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Bikes

This is designed as a very basic guide to the different types of bikes available.  The type of bike you need will depend on what you want to do with it.  The main categories of bikes are detailed below.
 
Once you have decided which type of bike you would like you can start searching for more specific information.  Within each category you will find a bewildering choice over a broad price range.  Generally, the more you pay the lighter the bike and the better the components will work.
 
 

Road racing bike

Designed for racing on solid road surfaces, these bikes are light weight and responsive with an aggressive frame geometry built to maximise aerodynamics, not comfort.  They have high gearing to maximize speed.

 

They have restricted loading capacities without attachment points for racks etc. 

It is often difficult or impossible to fit full mudguards and tyre size is limited due to lack of clearance between the wheel and the frame.

 

They can feel unwieldy with the back and front loaded (which, whilst difficult, is possible).

 

Pros

Cons

·         light weight

·         responsive

·         fast

·         gives impression you mean business

·         uncomfortable enough to make dropping off to sleep unlikely on long rides

·         can feel unwieldy when loaded

·         restricted loading capabilities

·         uncomfortable for long distances

·         high gearing may be tiring on long rides

·         not suitable for off road use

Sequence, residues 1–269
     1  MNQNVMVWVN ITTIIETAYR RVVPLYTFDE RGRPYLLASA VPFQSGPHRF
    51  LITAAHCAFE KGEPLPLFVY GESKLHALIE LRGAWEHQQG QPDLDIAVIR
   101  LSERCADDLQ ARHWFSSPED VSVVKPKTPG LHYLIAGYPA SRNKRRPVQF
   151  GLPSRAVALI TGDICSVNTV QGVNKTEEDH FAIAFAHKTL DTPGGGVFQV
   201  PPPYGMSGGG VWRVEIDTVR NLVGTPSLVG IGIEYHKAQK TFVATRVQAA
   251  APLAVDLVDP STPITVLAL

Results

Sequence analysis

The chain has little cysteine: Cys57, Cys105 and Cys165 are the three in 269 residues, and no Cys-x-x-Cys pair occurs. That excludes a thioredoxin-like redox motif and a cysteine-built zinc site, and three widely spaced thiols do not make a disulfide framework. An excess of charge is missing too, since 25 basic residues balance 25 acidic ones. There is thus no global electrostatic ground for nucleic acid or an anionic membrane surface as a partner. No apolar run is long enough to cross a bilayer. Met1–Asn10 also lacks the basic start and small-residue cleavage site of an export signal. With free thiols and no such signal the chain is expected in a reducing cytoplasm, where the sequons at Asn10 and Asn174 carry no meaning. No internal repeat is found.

Road touring bike

Designed for touring on solid road surfaces.  These bikes look very similar to racing bikes but have a frame geometry built more for comfort than aerodynamics.

 

They are stronger, and hence heavier, than racing bikes being designed to carry loads. 

They have mounting positions for racks and mudguards and generally have wider wheels accommodating fatter more comfortable (but slower and more energy draining) tyres.  They have a wide range of gears, some very low for slogging up hills fully laden.

 

Pros

Cons

·         more comfortable over long distances

·         can carry heavy loads

·         wide range of gears

·         heavier than a racing bike

·         fatter tyres cause greater rolling resistance (more friction between the tyre and the road) meaning more effort


 

Mountain bike

Designed for use off road.

 

These bikes have a low centre of gravity making handling easier.  And being designed for off road use they offer the opportunity for more adventurous rides.  They also have some very low gears that can come in handy on steeper sections, especially towards the end of a long day when your energy levels are flagging.

 
However, to deal with off road conditions they are built to be robust and therefore tend to be heavy.  Their tyres are considerably wider than those of a road bike and have a much heavier tread.  This is very helpful in their natural territory where suspension and grip are paramount but results in much greater rolling resistance when used on the road.  Despite a more relaxed riding position most people find mountain bikes uncomfortable to ride over long distances.